Mortgage Rates Move Closer to ‘Sweet Spot’ for Buyers

As NAR economists predict a fall below 6% by year’s end, new data reveals the rate threshold at which the market would likely be flooded with buyers.
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Mortgage rates fell for the fifth consecutive week, continuing to help improve affordability for budget-conscious home shoppers this spring. The 30-year fixed-rate mortgage decreased to 6.27% this week, Freddie Mac reports. Rates could be headed below 6% in the coming months as inflation eases, says Nadia Evangelou, senior economist and director of real estate research at the National Association of REALTORS®.

Mortgage demand is picking up as rates drop, showing that buyers are sensitive to fluctuations in borrowing costs. Mortgage applications for home purchases rose 8% last week compared to the previous week, the Mortgage Bankers Association reported on Wednesday.  

“Falling mortgage rates create opportunities for many buyers,” Evangelou says. “A lower mortgage rate brings down the monthly payment for a home loan. If rates drop to 6%, 3.1 million more households will once again be able to afford to buy the median-priced home compared to the beginning of the year.”

However, a rate of 5.5% may be the tipping point for many would-be buyers to come off the fence, shows a new survey of more than 1,300 homeowners and renters conducted by John Burns Real Estate Consulting. Seventy-one percent of prospective home buyers who plan to purchase their next home with a mortgage say they’re not willing to accept a mortgage rate above 5.5%.

Lower Inflation Likely Will Push Rates Lower

This week’s drop in mortgage rates coincided with news that inflation decreased last month. “These trends, coupled with tight labor conditions, are creating increased optimism among prospective home buyers as the housing market hits its peak in the spring and summer,” says Sam Khater, Freddie Mac’s chief economist.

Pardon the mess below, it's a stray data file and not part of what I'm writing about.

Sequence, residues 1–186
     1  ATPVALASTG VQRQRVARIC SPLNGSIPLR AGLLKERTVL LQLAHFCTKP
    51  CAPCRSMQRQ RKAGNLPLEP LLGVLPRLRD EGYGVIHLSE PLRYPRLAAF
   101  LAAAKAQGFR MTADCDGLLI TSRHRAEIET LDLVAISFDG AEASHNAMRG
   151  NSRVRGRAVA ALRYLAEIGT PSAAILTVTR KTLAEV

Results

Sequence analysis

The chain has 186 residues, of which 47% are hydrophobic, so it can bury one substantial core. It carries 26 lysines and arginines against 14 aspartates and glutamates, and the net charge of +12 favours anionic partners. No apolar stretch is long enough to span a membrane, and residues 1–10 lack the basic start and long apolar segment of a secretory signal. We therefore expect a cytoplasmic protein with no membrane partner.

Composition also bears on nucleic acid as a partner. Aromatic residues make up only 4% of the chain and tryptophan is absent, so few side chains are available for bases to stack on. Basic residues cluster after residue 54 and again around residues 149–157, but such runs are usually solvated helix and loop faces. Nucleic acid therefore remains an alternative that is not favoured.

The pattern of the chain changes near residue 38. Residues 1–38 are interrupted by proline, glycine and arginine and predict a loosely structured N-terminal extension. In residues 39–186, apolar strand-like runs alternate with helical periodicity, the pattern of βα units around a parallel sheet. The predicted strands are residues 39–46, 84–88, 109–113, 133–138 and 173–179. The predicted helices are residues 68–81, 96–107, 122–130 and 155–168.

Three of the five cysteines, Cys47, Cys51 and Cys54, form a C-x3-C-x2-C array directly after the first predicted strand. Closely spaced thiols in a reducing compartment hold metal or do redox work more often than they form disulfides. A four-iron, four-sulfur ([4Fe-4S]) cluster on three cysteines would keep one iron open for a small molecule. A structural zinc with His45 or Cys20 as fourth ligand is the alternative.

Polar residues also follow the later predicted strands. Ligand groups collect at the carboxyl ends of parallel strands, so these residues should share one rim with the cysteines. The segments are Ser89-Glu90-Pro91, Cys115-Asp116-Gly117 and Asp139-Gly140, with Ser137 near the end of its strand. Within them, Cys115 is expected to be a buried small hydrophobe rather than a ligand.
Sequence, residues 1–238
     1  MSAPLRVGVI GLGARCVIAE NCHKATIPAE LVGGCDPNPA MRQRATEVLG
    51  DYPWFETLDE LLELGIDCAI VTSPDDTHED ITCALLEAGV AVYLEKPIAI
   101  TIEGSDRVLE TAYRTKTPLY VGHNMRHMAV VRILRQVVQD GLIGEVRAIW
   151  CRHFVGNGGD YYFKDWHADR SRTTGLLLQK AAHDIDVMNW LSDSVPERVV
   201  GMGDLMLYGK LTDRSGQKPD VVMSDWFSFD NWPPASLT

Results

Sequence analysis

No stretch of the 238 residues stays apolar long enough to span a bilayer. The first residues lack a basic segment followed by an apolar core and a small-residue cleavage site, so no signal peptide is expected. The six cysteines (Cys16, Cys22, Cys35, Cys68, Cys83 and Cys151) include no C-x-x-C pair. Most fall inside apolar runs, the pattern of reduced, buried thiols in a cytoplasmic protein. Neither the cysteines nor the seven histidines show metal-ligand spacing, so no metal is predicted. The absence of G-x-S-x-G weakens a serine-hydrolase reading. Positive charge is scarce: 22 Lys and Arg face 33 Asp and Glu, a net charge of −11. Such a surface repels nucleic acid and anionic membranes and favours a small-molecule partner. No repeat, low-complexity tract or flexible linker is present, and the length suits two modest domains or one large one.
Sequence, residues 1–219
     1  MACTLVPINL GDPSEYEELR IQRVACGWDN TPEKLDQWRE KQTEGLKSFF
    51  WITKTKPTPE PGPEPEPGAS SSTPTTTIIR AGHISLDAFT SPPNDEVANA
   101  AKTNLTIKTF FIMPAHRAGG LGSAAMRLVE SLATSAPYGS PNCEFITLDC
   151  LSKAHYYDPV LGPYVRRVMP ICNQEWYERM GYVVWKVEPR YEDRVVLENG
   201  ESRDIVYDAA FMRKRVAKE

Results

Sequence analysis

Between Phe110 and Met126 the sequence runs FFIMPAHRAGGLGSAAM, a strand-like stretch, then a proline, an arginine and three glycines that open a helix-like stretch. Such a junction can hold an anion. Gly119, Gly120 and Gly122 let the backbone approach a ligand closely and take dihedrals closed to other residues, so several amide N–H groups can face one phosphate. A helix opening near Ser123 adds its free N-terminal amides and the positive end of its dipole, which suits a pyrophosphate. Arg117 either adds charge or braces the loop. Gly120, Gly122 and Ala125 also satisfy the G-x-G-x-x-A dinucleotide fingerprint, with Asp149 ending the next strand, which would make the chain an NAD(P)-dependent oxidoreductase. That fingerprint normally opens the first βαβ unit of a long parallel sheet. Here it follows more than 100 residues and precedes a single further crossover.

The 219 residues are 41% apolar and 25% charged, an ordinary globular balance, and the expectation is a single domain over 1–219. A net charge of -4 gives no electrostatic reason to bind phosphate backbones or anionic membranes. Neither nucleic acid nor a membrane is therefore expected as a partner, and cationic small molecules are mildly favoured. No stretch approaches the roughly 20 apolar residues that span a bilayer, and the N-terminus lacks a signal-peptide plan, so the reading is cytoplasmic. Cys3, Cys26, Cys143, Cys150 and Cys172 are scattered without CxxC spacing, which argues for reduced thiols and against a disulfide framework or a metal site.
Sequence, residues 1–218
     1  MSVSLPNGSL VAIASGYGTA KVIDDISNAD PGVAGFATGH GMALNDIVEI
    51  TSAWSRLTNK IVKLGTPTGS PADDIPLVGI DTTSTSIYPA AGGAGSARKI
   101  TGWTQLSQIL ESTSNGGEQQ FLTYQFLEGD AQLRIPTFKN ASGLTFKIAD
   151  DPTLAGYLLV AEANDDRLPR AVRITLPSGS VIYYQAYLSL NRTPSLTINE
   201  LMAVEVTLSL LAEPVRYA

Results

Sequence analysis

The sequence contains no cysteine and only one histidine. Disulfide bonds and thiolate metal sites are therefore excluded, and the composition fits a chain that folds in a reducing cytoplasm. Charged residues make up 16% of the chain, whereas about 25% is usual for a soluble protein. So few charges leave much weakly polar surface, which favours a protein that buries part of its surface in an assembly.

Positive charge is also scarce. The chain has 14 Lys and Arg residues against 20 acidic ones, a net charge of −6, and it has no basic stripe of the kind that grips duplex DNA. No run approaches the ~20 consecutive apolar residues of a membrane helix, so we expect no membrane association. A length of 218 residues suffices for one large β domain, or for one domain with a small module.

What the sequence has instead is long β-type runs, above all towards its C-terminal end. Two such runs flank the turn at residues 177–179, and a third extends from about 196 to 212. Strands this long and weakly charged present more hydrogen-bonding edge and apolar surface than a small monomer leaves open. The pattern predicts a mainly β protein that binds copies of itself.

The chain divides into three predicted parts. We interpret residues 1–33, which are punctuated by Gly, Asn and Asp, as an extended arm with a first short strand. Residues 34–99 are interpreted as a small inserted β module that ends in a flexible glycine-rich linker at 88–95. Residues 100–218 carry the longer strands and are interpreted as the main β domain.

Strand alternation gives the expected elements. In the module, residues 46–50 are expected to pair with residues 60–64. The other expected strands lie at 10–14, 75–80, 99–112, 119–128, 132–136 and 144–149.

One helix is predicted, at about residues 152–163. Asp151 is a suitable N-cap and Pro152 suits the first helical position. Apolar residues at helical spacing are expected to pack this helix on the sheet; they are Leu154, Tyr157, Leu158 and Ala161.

The consumer price inflation index was at 5% in March, marking a vast improvement from 9% last summer and 8% in the fall. NAR Chief Economist Lawrence Yun says that 2% is the ideal inflation rate—but that may still be a year away. “This directional improvement is a clear signal to the Fed to change its tightening monetary policy, especially considering that many regional banks are still on the edge of further risk if interest rates blow up,” he says.

The latest inflation data showed a deceleration in rent. Rent is still up 8.8% from a year ago, but the monthly gain was only 0.45% over the past year. “It was inevitable for rent growth to soften, considering the robust apartment construction,” Yun notes. “Mortgage rates slipping down to under 6% looks very likely toward the year’s end.”

Freddie Mac reports the following national averages with mortgage rates for the week ending April 13:

  • 30-year fixed-rate mortgages: averaged 6.27%, dropping from last week’s 6.28% average. Last year at this time, 30-year rates averaged 5%.
  • 15-year fixed-rate mortgages: averaged 5.54%, falling from last week’s 5.64% average. A year ago, 15-year rates averaged 4.17%.